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Progressive Rock CD Reviews

Theraphosa

Hung like Mussolini

Review by Gary Hill

I’m sure a lot of people will argue with me putting this under progressive rock. If by that term you mean music that sounds like the stuff Yes, Genesis and King Crimson did in the 1970s, you’d be right. If, on the other hand, you are talking about music that progresses rock, then this definitely belongs here. It’s extreme, hard edged and incredibly cool. Those with a sense of adventure should love this.

This review is available in book format (hardcover and paperback) in Music Street Journal: 2014  Volume 6 at lulu.com/strangesound.

Track by Track Review
Adzhan

Middle Eastern singing opens this. Then a heavy riff joins to take it forward. We are taken through a number of changes. It remains heavy and dark throughout, though.    

Big Paxton
This comes in like a metal version of Hawkwind. We get a more powerhouse jam from there. The vocals land toward extreme metal at times. This is quite heavy metal oriented and very extreme. Still, some of the world music melodies that come over the top lend a bit of a prog angle to it. A keyboard oriented electronic break mid-track adds some more variety. After the whole song proper seems to end, a full on jazz treatment, old school jazz in the vein of something you’d hear in Kubrick’s “Shining,” is the concept. It works out to a piano and vocal, old time music section from there. It’s still in keeping with the same time period. A spoken sound bite ends the piece.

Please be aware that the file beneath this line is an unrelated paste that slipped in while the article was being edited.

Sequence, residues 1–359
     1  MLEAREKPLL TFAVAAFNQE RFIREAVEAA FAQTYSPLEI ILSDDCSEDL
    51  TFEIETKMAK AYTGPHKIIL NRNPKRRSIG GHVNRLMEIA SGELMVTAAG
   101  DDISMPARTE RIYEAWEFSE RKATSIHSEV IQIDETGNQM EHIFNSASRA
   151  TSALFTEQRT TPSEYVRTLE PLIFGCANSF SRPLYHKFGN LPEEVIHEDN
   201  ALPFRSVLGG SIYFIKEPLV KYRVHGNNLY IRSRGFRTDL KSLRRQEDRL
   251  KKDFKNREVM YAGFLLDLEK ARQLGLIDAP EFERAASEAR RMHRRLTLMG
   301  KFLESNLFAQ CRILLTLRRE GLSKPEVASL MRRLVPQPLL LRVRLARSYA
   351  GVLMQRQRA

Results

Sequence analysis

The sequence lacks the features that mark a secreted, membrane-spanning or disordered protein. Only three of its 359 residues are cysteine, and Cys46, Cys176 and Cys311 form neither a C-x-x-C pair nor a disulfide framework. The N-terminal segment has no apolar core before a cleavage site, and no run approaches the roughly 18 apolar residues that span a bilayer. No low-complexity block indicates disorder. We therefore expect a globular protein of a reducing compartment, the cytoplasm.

The Crypt Fugue
Organ starts this and works through classical music modes. In fact, that’s the only concept on this short instrumental.
Neda
Female world music vocals with a textural backdrop start this and hold it for a time. Then it literally screams out into frantic extreme metal territory. This is crazed stuff for sure. This works through quite a few changes, landing more into an extremely metallic prog range.
A.D.H.D.
This song is a weird, but compelling, mash up of electronic music and extreme metal.
The Revolting Blob (Bonus Track)
After a short bit of electric music, they fire out into some seriously fast and crunchy jamming. This is almost like modern extreme metal merged with the Dead Kennedys. If the whole set was like this, I wouldn’t put it under progressive rock at all, but rather metal. Still, it does shift out to space music for a time mid-track.
 
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